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What is Crohn’s Disease?

Crohn’s disease is a condition that causes inflammation in the gastrointestinal tract. This inflammation can cause redness, swelling and pain. Crohn’s is one of the two major forms of IBD (inflammatory bowel disease). The other condition is Ulcerative Colitis. Crohn’s is often described as a chronic condition, although sufferers may experience bouts of remission and flare-ups, so symptoms aren’t necessarily constant.

Roughly 1 in 650 people have Crohn’s disease. It can be hereditary, so if a member of your family is diagnosed with the condition, it’s worth getting tested yourself. Crohn’s disease causes symptoms such as diarrhoea, abdominal pain, weight loss, and malnutrition.

How Can IgG testing help?

This study found that Crohn’s Disease patients had a higher prevalence of food-specific IgG antibodies compared to both the healthy control and Ulcerative Colitis patients. It also concluded that Food-specific IgG antibodies could be a method of diagnosis and management of food intolerance for people with Inflammatory Bowel Disease. The same study found Crohn’s disease patients most likely to suffer from intolerance to rice, soy, tomato and corn.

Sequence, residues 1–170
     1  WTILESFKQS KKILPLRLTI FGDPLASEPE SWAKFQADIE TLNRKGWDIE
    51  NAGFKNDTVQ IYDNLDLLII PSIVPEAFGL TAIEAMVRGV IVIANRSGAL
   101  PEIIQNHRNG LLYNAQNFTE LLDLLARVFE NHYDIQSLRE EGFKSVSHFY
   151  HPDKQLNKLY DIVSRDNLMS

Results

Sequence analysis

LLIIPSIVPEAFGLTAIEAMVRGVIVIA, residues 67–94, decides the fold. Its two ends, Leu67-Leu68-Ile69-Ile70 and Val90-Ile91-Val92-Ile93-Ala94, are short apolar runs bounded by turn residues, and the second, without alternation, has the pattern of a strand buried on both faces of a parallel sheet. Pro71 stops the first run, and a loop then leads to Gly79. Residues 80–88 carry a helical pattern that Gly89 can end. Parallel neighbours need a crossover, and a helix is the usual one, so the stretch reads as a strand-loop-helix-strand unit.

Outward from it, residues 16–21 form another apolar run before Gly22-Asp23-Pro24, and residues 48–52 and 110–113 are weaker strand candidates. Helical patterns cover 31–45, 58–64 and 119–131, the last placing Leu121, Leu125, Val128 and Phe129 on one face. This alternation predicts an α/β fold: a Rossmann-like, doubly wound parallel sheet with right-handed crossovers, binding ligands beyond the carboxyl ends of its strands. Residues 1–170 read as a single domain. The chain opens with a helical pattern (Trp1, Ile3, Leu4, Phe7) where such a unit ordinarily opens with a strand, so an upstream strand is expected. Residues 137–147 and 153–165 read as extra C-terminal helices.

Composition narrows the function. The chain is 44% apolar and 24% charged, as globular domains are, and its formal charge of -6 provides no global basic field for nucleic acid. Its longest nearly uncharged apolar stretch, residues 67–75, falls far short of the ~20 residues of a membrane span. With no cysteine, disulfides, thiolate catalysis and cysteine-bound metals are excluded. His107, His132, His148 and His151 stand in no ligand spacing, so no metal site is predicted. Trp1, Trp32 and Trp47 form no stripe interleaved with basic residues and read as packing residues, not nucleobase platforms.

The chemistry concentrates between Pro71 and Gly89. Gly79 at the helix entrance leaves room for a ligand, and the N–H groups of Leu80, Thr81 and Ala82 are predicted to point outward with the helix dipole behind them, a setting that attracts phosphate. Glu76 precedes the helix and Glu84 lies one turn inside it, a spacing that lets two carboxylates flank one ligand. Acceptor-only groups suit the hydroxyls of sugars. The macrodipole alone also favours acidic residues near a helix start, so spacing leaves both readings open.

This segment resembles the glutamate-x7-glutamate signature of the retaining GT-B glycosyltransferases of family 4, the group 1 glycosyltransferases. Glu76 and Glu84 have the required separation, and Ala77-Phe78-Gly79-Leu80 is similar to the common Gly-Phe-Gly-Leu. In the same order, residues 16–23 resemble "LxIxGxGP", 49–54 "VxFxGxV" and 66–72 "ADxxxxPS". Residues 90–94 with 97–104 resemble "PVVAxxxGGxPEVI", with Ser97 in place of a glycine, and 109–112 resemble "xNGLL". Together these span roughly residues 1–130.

As Crohn’s disease sufferers are more likely to develop these intolerances, proper testing is ideal. While the aforementioned foods are those which Crohn’s patients are most likely to be intolerant to, this doesn’t mean all patients with the condition will have all or just these food intolerances. So IgG intolerance testing can help determine which foods are problem foods and which aren’t – there’s no point in needlessly restricting the diet.

Low-FODMAP Diets

A few studies have looked into the efficacy of a Low-FODMAP diet in managing IBS-like symptoms experienced by IBD sufferers. They have so far found that a diet low in FODMAPs to be more effective than the more commonly recommended Gluten-free diet.

“Evidence from unblinded and observational studies regarding the efficacy of reducing FODMAP intake for IBS‐like symptoms in patients with quiescent IBD is compelling despite the lack of high‐quality evidence…”  – Peter R Gibson, 28 February 2017

While there’s definitely a need for further research, the evidence so far suggests that a Low-FODMAP diet, perhaps guided by IgG intolerance testing, could help individuals with Crohn’s Disease manage their symptoms. At the very least, it’s definitely helpful in managing and minimising any IBS-like symptoms.